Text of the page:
Loan-to-Value Ratio (LTV)

The relationship of the loa amount to the price (or value) of the property.

Manufactured Home

Homes built in a factory, controlled environment that meet strict HUD codes. They are brought to the property site and are assembled there.


A fixed number added to the index to compute the rate on adjustable-rate mortgage.

Market Value

The highest price a buyer would pay and the lowest price a seller would accept on a property. Market value may be different from the price a property could actually be sold for at a given time.


A written legal agreement that creates a lien against a property as security for the payment of a debt; a loan to pay for real estate that usually includes interest rates and a payment schedule.

Mortgage Banker

Specializes in originating, selling, and servicing loans. They generally sell their loans to investors but may continue to service them.

Mortgage Broker

An individual or company which brings borrowers and lenders together for the purpose of loan origination, but which does not originate or service the mortgages. They are paid a fee by the borrower or the seller at the closing.

Mortgage Note

A note is a fiscal obligation between a borrow and the creditor, usually in the form of a loan. This note will detail the terms of the loan, such as the interest rate, principal amount, and the specific details of how the loan must be paid back. A mortgage note is specific to a home loan and is secured by real property. It specifies the buyer's required interest, the amount and duration of all mortgage payments.


The lender.


The borrower.

Motivated Buyer

Any buyer with o strong circumstance or reason to buy.

Motivated Seller

Any seller with a strong circumstance or reason to sell.


A multi-family building or structure is designed to house several different families in separate housing units. It is important to note here that for investors, there is a massive difference after four units since 1 to 4 units are considered residential five and above are commercial.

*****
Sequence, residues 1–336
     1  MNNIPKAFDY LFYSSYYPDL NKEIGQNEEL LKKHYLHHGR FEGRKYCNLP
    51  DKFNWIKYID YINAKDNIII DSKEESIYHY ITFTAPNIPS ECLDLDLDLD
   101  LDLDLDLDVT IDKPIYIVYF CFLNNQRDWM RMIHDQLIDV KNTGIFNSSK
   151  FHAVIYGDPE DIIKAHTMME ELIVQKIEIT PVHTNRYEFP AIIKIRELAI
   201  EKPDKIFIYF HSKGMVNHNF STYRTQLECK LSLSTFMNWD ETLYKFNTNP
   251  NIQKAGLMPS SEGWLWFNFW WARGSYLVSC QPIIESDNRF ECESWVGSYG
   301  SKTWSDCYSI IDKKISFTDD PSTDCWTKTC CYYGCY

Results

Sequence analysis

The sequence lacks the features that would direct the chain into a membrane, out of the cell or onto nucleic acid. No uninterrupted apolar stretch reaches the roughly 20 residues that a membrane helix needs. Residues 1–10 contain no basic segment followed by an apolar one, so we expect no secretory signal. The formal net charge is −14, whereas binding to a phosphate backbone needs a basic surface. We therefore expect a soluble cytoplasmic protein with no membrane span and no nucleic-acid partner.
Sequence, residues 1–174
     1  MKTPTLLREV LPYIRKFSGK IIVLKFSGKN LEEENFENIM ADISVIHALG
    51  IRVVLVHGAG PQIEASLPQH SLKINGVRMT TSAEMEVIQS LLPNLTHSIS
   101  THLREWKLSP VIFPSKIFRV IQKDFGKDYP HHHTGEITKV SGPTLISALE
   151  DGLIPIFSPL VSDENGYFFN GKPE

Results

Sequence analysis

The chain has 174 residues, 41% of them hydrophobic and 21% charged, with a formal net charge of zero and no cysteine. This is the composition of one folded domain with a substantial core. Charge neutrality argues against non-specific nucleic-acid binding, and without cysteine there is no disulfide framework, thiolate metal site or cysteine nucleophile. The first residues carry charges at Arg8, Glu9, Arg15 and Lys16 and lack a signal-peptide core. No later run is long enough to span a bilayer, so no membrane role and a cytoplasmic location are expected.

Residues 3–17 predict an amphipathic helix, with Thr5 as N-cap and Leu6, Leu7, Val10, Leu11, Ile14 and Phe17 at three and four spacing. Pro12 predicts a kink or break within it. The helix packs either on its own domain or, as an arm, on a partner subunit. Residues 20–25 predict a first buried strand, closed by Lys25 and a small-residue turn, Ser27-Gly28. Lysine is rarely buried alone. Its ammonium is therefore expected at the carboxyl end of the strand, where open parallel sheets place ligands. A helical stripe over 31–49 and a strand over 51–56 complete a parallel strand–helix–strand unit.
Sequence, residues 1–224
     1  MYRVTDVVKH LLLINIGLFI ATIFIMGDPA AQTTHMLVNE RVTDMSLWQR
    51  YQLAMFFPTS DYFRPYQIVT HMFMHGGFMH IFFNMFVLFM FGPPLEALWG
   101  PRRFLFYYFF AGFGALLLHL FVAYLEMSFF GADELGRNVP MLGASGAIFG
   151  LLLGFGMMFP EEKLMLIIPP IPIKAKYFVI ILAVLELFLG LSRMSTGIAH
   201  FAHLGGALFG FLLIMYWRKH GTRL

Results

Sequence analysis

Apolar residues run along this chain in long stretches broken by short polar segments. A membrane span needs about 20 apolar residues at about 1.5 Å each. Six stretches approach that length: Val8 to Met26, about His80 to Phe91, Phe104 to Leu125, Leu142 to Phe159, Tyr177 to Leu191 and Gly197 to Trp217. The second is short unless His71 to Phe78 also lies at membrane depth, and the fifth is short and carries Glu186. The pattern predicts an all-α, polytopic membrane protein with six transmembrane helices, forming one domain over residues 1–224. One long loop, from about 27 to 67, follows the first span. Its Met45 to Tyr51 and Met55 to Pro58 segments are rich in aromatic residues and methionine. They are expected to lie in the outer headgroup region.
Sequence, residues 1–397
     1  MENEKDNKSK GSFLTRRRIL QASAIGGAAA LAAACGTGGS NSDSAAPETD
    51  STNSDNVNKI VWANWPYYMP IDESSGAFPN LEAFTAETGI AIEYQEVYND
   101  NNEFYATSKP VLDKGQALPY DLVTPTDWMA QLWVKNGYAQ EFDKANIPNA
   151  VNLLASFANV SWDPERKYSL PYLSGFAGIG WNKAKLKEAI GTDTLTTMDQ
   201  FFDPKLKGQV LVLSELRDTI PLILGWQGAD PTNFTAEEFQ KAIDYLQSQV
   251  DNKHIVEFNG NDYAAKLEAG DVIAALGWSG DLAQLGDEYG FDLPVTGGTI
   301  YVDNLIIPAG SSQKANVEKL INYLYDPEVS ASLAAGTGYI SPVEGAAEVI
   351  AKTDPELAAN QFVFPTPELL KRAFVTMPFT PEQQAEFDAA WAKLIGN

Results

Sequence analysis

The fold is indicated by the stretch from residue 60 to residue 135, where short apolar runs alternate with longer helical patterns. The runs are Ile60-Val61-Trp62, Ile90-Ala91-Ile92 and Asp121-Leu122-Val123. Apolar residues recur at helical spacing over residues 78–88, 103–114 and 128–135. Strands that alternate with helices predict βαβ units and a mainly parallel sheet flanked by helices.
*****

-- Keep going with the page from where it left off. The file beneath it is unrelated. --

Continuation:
A multi-family building or structure is designed to house several different families in separate housing units. It is important to note here that for investors there is a huge difference after 4 units since 1 to 4 units are considered residential 5 and above are commercial.

Multiple Listing Service (MLS)

A group of brokers joined together in a marketing organization for the purpose of pooling their respective listings. In exchange for a potentially larger audience of buyers, the broker agrees to share commissions. The listings are pooled by using a computerized network.

Negative Amortization

An increase in principal balance that occurs when the monthly payments do not cover all of the interest cost. The interest cost that is not covered by the payment is added to the unpaid principal balance.

Net Operating Income (NOI)

Net Operating Income (NOI) is a profitability formula that is often used in real estate to measure a commercial property’s profit potential and financial health by calculating the income after operating expenses are deducted. In other words, it measures the amount of cash flows that a property has after all necessary expenses have been paid. NOI = Operating Income – Operating Expenses

The NOI is one of the most important formulas you should know, because it’s also used in so many other calculations (such as cap rate, debt coverage ratio, etc.).

Non-Assumption Clause

Statement in a mortgage contract forbidding the assumption of the mortgage without the prior approval of the lender.